A beautiful woman told me a story of her childhood innocence and how it helped heal her father, who was suffering from a rare nervous disorder from which he was trying to heal himself.  He was a minister and a believer in faith healing, not because he distrusted doctors or modern medicine -- in fact, he had at one time begun studying to become a doctor himself.  But doctors could give him no clear diagnosis for his ailment, which had left him almost paralyzed for a time.  It may have been food poisoning which caused it.  No one knows for sure.  But the man knew he had to heal himself, this time.  "Physician, heal thyself."  And he had been a physician of the ministry, a preacher of the Bible and of revelations he had received, he felt, directly from the Heavenly Host.

It was a long recovery, lasting a period of several months.  The illness had begun on a trip far from home, and his family was warned that he would be quite different when he was able to finally return home.   When he did return, he told his wife and children, "You have to help me walk every day, and every day I must walk a few steps farther.  If I do not do this I will die."

One evening after supper  he walked with his youngest daughter, and he could not help sharing a few of his gloomy thoughts and fears. "But Tinkerbelle and Tina Maria, they're still o.k., aren't they Daddy?"  asked the child brightly.  The man looked up from the ground to see where his child was looking, and he saw instantly that she had a relationship with two stars overhead, that indeed she had a friendship with these two stars.

"Yes, yes, of course they are alright, my dear."  And his heart was greatly relieved, and he knew he would be better.  And in time, he became totally healed of his illness.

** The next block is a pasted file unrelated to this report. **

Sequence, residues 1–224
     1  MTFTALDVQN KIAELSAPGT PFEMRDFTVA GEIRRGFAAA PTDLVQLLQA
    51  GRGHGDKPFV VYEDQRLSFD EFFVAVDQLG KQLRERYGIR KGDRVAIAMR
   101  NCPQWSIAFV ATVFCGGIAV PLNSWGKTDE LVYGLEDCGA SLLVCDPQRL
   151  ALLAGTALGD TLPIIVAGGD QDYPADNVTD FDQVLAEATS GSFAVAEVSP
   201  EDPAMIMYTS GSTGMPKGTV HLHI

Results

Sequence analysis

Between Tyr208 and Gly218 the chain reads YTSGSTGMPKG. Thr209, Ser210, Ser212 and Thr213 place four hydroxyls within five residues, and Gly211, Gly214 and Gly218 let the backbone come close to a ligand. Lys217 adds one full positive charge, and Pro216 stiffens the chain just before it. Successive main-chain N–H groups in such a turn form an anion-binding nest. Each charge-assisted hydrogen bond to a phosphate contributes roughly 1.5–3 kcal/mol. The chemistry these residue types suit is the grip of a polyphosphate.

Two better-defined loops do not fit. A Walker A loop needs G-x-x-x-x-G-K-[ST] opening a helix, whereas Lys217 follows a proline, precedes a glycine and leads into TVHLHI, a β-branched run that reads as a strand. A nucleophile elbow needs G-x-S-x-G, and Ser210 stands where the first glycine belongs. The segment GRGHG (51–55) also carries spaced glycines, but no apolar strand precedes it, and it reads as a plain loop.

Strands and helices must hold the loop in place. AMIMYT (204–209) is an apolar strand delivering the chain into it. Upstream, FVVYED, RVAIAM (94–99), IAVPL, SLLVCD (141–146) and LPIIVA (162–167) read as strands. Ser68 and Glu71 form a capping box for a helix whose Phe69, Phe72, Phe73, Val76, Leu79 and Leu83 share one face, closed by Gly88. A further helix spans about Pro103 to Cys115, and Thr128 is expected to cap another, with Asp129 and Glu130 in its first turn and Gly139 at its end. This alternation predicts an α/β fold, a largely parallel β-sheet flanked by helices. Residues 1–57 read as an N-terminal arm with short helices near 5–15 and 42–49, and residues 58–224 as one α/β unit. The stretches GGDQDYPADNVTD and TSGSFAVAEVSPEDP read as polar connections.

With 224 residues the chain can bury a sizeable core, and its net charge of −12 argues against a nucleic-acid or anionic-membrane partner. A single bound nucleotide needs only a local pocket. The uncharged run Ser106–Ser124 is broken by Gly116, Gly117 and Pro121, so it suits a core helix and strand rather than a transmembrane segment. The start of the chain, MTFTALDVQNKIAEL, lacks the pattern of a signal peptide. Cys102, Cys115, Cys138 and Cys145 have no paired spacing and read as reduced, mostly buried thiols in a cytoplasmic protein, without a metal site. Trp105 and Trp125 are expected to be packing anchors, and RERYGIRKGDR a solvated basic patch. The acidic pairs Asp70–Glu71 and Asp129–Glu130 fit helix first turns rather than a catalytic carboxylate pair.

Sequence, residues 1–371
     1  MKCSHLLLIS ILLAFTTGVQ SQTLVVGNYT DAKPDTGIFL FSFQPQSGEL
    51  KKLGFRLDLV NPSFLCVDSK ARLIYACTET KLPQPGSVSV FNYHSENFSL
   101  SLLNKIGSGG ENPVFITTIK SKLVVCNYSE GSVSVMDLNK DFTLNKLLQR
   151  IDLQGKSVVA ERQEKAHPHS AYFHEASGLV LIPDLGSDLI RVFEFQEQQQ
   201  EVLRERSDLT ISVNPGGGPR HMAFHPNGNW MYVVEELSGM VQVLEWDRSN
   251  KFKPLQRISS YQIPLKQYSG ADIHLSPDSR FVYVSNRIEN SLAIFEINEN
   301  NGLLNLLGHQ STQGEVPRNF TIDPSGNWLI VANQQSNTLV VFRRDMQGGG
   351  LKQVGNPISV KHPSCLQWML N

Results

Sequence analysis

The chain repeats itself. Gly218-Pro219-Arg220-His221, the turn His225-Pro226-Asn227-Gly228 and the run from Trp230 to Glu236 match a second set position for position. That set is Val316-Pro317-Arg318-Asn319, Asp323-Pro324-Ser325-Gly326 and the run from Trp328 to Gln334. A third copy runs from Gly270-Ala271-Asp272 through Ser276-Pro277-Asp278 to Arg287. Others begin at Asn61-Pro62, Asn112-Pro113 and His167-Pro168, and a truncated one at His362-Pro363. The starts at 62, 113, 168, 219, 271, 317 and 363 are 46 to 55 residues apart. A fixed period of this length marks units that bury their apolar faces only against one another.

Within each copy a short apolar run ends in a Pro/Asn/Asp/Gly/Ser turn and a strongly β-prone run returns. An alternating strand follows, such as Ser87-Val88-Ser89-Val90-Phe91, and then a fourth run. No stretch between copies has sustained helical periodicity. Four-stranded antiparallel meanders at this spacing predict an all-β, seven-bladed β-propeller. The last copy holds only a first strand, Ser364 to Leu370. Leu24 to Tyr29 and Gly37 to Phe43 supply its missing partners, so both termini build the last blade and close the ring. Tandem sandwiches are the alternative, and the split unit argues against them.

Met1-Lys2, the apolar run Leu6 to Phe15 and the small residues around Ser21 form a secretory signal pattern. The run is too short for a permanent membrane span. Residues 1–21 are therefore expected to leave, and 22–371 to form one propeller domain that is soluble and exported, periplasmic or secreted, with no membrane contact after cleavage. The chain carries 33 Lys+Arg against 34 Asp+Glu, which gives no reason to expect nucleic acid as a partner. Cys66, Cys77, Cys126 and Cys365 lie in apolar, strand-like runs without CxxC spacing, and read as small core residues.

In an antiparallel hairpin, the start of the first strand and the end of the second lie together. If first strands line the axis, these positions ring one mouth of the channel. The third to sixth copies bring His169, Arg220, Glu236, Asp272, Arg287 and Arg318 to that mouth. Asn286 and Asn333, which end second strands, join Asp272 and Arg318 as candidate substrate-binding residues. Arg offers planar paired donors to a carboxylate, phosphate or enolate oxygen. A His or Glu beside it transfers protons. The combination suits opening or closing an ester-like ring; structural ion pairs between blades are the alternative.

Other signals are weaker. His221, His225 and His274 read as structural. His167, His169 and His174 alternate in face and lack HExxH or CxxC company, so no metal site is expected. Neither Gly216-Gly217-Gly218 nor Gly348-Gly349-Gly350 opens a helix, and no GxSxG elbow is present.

Tuesday, May 10, 2011


Homer's Story goes on percolating below the surface of my life; I'll continue it here soon.

Of the teachers in my life, who not only taught me but many, and who I knew personally, the last was Daniel Wright.  He used to occasionally announce "story night," and a group of us would gather in a big room and tell stories, anecdotes from the communal history of Padanaram.  We still do this occasionally, though Daniel has passed over ten years ago.  We gather in the "old school" around an open fireplace.  Maybe we pick a number out of a hat, and when our number is called we tell a story that comes to mind.  Last time, I talked about my friend who died, a drunken artist named Jerry, of whom I was very fond.  I'll write about him here in this space someday.

I like this space, I find it very relaxing.  When people are relaxed, the best stories come up.  Today it is already too late in the morning for peace.  The phone is ringing, a trip is coming up tomorrow, people are coming and going.

The best publication I know for stories, whether invented, fantasized, or memoir, is The Sun.  And this reminds me, I have to renew my subscription.  I believe it's $36/year, but there is no advertising in it.  I haven't had any luck getting anything of mine published there, but I may try again sometime.  One of my favorite sections of that magazine is called "Readers Write," and it's always around a certain chosen theme.

A great way to dislodge stories from memory is to attend a workshop of the Foundation for Community Encouragement.  These are held in order to give people an experience of "true community," but a big part of this is people's stories.  Some folks have a sort of continuing, ongoing "story" that they can't stop themselves from telling.  We all know people like this.  In an FCE workshop someone is always trying to nudge or provoke you into telling a deeper story, a more authentic story.  This brings conflict and chaos into the group, and this has to run its course.  People are defensive about wanting others to hear their habitual stories.  For new stories to emerge, there must be silence, acceptance of limitations of time and place and personality, and attentiveness, both within and without.  This can be extraordinarily difficult to achieve in a group setting.  A deeply moving personal story usually cannot be born without excruciating pain, and this pain is beyond individual endurance.  When the pain can be shared in a group, the story can come out.  In this way, we become other people.  We become more than a mere solitary self.

If this movement can be continued over time, under the guidance of an inspired teacher like Mel Lyman or Daniel Wright, then a "group soul" can be born.  Usually it takes a time, a period of years, of communal living, of total sacrifice of the self.